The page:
Along with ease of use of the basic software comes the demand by users for more simplified design through ad - vanced features in their CAD tool. Vendors are responding to this demand by focusing new releases of their products on performance enhancements and new technologies that improve the modeling process.
“Today’s design process is not what it was ten, or even five years ago,” ex - plained Campbell. “We provide a number of integrated add-on modules for simulation and manufacturing. The seamless integration, elimination of data translation between applications, and a single, consistent environment simplify and improve process productivity.”
Ray agrees that productivity is a major focus for today’s CAD users. “We’ve found that 50 percent of our users are spending more than 70 percent of their time in our product, and as such, we know we have a duty to respect their time,” said Ray. “Our last two releases have included a new user interface; the workflow predicts which tools users will need and makes them readily available.”
Vendors are offering new options that help users eliminate some of the stumbling blocks that have made modeling and conceptual design a tedious process. “We’ve looked closely at what users struggle with and found that easier commands and more options are not the answer,” according to Staples. “You have to take usability to the next level, and that requires a fundamental shift in core CAD technology. Most systems are based on a concept developed over 20 years ago. We introduced synchronous technology for a simpler design process,” he explained. “Because features are not dependent on history, users can move key design elements directly, and instantly update previous geometry.”
For Autodesk, their technology focus is digital prototyping, which, according to Bosley, enables users to re-use data on future projects. “Digital prototyping brings together design data from all phases of the product development process to create a single digital model. Businesses are able to bridge the gaps that can exist among conceptual design, engineering, and manufacturing teams,” he said.
While Randles explained that Space - Claim does not consider itself a traditional CAD vendor, the company’s direct modeling tools help customers simplify their design process. “Our direct modeling solutions were built from the ground up to be easy to use with smart capabilities to create, edit, and share 3D designs,” he stated. “Perhaps the greatest beneficiary of these emerging tools will be the CAD team, because they will see higher-quality input from engineering, and their work will be usable by a broader audience.”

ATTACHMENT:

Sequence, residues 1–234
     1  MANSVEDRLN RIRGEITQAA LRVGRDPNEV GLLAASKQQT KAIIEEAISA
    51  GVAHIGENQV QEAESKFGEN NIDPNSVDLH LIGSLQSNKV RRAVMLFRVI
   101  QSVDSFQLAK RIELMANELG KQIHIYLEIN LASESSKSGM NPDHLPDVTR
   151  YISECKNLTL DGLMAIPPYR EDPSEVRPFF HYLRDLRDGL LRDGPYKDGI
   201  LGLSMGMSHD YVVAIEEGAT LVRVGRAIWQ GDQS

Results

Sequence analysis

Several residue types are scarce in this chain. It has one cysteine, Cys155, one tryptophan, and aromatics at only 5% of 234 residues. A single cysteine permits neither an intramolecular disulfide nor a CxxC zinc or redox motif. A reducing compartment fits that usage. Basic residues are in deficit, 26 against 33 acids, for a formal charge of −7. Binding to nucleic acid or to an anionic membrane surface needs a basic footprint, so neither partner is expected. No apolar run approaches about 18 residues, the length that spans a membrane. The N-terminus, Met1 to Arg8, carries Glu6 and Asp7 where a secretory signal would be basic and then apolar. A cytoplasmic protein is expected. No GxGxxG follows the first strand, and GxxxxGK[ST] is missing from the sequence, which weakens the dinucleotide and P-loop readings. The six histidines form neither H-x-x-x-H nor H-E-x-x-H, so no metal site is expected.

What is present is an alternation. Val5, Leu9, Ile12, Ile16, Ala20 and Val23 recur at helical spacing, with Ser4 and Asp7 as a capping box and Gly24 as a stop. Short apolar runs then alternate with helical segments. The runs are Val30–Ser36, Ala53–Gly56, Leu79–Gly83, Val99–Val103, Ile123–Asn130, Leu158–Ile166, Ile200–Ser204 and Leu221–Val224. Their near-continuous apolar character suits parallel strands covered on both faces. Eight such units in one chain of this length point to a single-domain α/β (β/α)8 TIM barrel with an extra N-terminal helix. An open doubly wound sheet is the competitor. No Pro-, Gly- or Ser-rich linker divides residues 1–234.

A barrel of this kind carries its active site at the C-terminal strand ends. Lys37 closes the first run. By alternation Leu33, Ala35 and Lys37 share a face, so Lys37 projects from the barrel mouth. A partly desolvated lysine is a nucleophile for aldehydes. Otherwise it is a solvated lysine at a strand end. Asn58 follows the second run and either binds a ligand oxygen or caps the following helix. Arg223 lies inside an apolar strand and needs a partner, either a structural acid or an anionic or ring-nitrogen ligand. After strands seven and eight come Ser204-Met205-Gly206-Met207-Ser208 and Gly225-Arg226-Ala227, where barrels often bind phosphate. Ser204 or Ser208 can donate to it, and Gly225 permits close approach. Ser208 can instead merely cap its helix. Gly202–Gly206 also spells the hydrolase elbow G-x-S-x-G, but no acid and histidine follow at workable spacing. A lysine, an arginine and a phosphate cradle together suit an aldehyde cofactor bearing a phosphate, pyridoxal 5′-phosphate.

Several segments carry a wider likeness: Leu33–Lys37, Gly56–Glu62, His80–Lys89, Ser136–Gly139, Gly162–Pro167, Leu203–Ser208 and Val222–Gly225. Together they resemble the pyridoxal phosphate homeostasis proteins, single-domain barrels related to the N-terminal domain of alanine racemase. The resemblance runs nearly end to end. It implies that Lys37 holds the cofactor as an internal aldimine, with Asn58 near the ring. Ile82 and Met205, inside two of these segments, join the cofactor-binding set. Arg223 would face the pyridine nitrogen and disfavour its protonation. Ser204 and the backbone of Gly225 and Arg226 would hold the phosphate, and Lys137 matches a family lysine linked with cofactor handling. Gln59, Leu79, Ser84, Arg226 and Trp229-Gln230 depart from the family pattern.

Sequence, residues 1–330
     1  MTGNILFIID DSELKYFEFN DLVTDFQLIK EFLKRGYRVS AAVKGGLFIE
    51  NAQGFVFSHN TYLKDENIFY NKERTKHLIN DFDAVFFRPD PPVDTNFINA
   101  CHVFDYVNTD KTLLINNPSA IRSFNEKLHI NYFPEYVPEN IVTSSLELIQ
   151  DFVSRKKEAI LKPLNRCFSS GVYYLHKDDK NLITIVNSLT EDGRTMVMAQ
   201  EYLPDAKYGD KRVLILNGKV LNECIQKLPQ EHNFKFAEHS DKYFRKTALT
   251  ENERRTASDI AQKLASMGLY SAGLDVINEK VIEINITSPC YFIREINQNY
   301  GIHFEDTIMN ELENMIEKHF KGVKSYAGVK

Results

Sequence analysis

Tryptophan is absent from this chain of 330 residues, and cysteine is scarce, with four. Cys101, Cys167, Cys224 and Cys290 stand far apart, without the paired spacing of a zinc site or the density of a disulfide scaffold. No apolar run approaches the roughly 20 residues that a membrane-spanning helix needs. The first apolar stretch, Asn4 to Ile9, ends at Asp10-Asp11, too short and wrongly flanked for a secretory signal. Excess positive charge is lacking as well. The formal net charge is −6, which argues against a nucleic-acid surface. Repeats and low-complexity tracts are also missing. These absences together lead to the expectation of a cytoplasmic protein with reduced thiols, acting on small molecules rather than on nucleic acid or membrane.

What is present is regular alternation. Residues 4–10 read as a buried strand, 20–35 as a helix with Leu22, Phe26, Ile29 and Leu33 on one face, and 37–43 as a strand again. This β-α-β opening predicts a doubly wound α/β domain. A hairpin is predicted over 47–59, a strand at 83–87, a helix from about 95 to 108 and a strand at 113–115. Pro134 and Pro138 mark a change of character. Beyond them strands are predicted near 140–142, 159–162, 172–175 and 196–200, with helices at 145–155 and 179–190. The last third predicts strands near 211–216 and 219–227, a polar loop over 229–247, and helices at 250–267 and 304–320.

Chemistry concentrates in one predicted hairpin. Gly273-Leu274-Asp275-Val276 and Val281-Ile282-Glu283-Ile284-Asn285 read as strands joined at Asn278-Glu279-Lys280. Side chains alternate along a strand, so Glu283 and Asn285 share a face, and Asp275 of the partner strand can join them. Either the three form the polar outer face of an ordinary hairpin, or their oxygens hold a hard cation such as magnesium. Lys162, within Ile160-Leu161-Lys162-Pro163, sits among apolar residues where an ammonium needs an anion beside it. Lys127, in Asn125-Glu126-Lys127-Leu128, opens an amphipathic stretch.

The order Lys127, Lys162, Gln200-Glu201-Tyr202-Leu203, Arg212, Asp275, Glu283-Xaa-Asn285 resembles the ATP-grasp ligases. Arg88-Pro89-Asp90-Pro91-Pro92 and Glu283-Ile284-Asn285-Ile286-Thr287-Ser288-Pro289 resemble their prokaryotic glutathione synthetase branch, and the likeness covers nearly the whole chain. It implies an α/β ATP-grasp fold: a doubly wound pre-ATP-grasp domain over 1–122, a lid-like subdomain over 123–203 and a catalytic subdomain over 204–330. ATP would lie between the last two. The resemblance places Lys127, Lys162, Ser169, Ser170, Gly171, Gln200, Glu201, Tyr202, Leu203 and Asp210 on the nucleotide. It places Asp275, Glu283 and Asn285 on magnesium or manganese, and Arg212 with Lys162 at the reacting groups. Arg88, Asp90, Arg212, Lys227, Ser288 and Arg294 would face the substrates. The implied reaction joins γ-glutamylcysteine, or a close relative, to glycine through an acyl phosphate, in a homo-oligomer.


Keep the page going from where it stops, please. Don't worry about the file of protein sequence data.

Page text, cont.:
Trends for 2009
As the global economy forces companies to be more cost-effective, CAD vendors will be watching trends more carefully this year to gauge where their customers need the most immediate benefit. “The global economic environment will drive the selection of solutions that are more cost-effective and contribute to increased innovation and faster time to market,” stated Randles.
“Our current economic conditions may force companies to take deep costcutting measures to offset lower sales,” said Staples. “Manufacturers will still invest in technology, but only that which provides real productivity gains so they can streamline operations. Outsourcing places natural tensions on companies in terms of project management and handling foreign data. This will require technology to better address working with supplier data,” he added. Customers won’t be the only ones affected by a poor economic climate, according to Ray. “Quality will be the focus of design tools. I think that this year, there will not be as many CAD vendors as there were last year. Market forces will filter out the marginal players who do not have a rock-solid product that provides a high degree of value.”
But while the economy remains bleak, Ray believes that the result could be a technology revolution. “For the first time, we’re going to be forced to have real energy policies across the world, and utilize renewable sources of energy. Those demands are going to lead to a technology revolution, the likes of which we haven’t seen since NASA put a man on the Moon.” The upside, Ray added, is that “lawyers and politicians will not be leading that charge. It will be engineers.”